Dr. Stephen Pyne looks at the U.S. "fire revolution" over the past century

Blog Post created by mikehazell Employee on Nov 15, 2013

PYNE Big Blowup

The Great Fires of 1910, also known as “The Big Blowup” were a formative trauma for the American wildland fire community. These fires, scattered over six distinct areas in the northern Rocky Mountains, burned more than 3 million acres, killed 78 firefighters, and launched a national debate about fire policy.

Dr. Stephen Pyne, a professor in the School of Life Sciences at Arizona State University, specializes in environmental history and the history of fire. In his presentation at NFPA’s Backyards & Beyond conference in Salt Lake City, he took the opportunity of the recent centennial of the 1910 events to offer his perspective on what the Big Blowup meant – both back more than 100 years, and what we’ve learned, how we’ve changed, and where we might go next.

Stephen Pyne
Dr. Stephen Pyne of Arizona State University

Dr. Pyne, who spent 15 seasons as a wildland firefighter at the North Rim of Grand Canyon National Park. said the 1910 fires pushed the U.S. Forest Service into a singular strategy of suppression for more than five decades. He said the fire community spent all of their efforts trying to take fire out of the landscape.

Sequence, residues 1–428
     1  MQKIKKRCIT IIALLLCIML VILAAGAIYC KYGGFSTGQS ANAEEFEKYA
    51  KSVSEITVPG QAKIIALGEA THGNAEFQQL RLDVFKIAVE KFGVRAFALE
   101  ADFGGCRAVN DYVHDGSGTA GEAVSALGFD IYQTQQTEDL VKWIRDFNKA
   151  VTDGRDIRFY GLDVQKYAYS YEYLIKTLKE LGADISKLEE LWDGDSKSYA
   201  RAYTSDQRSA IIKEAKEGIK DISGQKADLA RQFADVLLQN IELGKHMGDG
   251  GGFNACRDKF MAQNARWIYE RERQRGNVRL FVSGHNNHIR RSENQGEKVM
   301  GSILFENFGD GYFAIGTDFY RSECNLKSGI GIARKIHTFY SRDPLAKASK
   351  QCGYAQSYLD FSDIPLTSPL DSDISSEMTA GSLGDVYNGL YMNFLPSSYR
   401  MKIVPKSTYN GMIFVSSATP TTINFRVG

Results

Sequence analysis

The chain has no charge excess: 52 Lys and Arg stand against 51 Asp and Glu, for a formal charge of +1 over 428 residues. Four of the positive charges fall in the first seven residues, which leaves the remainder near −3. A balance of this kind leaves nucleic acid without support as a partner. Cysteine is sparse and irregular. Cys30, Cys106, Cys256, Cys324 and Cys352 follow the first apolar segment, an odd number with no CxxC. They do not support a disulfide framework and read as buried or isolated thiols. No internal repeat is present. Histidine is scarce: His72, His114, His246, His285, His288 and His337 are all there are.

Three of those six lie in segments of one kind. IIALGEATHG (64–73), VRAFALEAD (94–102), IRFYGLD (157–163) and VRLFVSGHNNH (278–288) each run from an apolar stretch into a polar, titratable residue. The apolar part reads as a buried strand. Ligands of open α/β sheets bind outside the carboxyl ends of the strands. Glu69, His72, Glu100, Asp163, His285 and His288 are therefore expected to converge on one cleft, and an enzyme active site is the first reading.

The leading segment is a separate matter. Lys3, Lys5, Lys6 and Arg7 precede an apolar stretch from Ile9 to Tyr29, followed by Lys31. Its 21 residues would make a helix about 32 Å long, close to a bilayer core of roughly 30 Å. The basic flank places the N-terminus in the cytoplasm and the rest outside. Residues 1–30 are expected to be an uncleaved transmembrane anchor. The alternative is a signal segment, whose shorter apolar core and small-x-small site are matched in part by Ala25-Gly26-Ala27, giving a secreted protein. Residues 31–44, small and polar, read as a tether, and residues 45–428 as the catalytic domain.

Then in the early 1960s, a new approach evolved that argued against all-suppression policies and focused on forest restoration and the healthy, natural benefits of wildland fire.

“Certainly politics were a contributing factor, but it was mostly a change in attitude,” said Dr. Pyne. “People wanted to live on that land and they knew they needed to learn how to related to fire in a different way.”

So how is America coping with fire in the wildlands today? Dr. Pyne said three approaches are at play: regressive (a revival of the suppression-centric mindset); proactive (modifying landscapes to create more fire resilient communities); and reactive (the “is what it is” mindset, just dealing with fires as they happen).

“All three approaches are at play, and we don’t know how it will all be sorted out,” said Dr. Pyne, “but it seems we are defaulting to the reactive strategy, which is most economical and safer for firefighters, but it going to produce a lot more burned areas.”